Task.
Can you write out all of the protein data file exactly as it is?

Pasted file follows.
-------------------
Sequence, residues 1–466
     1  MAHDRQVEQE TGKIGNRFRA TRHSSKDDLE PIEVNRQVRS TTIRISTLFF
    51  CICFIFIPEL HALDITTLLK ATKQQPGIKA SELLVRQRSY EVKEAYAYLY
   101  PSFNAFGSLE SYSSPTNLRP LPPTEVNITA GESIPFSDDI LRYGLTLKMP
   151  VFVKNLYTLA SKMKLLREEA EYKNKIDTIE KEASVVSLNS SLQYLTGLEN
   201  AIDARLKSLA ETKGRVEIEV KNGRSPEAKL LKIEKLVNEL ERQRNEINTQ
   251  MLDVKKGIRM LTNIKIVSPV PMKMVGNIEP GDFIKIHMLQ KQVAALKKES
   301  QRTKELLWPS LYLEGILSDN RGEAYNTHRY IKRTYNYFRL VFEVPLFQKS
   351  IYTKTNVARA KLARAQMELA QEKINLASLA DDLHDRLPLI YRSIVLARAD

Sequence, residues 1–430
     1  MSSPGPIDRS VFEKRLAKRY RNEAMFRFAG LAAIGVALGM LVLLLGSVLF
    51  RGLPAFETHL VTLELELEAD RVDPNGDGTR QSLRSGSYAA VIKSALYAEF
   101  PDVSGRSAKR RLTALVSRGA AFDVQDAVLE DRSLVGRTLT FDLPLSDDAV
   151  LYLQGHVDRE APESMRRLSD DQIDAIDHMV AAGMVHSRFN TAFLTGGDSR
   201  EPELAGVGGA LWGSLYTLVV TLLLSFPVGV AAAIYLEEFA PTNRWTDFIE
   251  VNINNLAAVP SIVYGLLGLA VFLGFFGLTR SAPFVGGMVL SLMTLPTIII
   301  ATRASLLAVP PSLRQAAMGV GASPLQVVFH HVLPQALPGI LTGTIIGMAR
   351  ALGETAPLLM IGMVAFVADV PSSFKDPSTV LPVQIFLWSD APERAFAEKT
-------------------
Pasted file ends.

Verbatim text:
Sequence, residues 1–466
     1  MAHDRQVEQE TGKIGNRFRA TRHSSKDDLE PIEVNRQVRS TTIRISTLFF
    51  CICFIFIPEL HALDITTLLK ATKQQPGIKA SELLVRQRSY EVKEAYAYLY
   101  PSFNAFGSLE SYSSPTNLRP LPPTEVNITA GESIPFSDDI LRYGLTLKMP
   151  VFVKNLYTLA SKMKLLREEA EYKNKIDTIE KEASVVSLNS SLQYLTGLEN
   201  AIDARLKSLA ETKGRVEIEV KNGRSPEAKL LKIEKLVNEL ERQRNEINTQ
   251  MLDVKKGIRM LTNIKIVSPV PMKMVGNIEP GDFIKIHMLQ KQVAALKKES
   301  QRTKELLWPS LYLEGILSDN RGEAYNTHRY IKRTYNYFRL VFEVPLFQKS
   351  IYTKTNVARA KLARAQMELA QEKINLASLA DDLHDRLPLI YRSIVLARAD

Sequence, residues 1–430
     1  MSSPGPIDRS VFEKRLAKRY RNEAMFRFAG LAAIGVALGM LVLLLGSVLF
    51  RGLPAFETHL VTLELELEAD RVDPNGDGTR QSLRSGSYAA VIKSALYAEF
   101  PDVSGRSAKR RLTALVSRGA AFDVQDAVLE DRSLVGRTLT FDLPLSDDAV
   151  LYLQGHVDRE APESMRRLSD DQIDAIDHMV AAGMVHSRFN TAFLTGGDSR
   201  EPELAGVGGA LWGSLYTLVV TLLLSFPVGV AAAIYLEEFA PTNRWTDFIE
   251  VNINNLAAVP SIVYGLLGLA VFLGFFGLTR SAPFVGGMVL SLMTLPTIII
   301  ATRASLLAVP PSLRQAAMGV GASPLQVVFH HVLPQALPGI LTGTIIGMAR
   351  ALGETAPLLM IGMVAFVADV PSSFKDPSTV LPVQIFLWSD APERAFAEKT